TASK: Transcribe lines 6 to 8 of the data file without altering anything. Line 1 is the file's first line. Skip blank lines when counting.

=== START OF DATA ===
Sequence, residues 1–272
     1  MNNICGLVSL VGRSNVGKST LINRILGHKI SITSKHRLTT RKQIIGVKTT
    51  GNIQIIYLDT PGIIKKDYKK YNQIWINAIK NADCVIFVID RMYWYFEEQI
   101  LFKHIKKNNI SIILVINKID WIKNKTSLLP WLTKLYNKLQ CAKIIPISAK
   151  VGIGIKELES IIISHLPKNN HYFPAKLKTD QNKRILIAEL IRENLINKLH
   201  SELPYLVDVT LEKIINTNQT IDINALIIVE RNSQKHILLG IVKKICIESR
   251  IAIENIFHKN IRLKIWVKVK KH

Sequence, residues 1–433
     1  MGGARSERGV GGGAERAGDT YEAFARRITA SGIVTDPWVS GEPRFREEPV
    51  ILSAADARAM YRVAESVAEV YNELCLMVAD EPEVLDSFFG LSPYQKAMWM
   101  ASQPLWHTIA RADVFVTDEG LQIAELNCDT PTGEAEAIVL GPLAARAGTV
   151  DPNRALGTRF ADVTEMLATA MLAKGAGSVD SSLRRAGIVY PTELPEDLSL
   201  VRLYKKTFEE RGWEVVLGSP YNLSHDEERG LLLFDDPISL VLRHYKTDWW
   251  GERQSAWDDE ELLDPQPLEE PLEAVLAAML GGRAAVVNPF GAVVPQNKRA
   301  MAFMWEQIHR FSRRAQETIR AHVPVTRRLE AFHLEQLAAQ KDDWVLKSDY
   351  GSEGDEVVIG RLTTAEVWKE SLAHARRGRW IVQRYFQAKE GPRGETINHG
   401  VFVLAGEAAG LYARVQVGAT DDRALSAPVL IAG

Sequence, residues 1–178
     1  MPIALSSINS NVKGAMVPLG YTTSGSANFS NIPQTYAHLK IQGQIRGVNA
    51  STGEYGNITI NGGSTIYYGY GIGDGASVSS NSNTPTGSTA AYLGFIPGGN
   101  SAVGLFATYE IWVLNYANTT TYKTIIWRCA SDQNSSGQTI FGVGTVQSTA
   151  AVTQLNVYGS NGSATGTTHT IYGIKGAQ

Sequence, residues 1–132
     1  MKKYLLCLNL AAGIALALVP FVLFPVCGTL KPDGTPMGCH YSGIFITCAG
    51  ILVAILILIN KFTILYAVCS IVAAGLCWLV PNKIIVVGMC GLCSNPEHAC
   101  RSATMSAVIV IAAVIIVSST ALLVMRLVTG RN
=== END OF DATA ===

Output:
   201  SELPYLVDVT LEKIINTNQT IDINALIIVE RNSQKHILLG IVKKICIESR
   251  IAIENIFHKN IRLKIWVKVK KH

Sequence, residues 1–433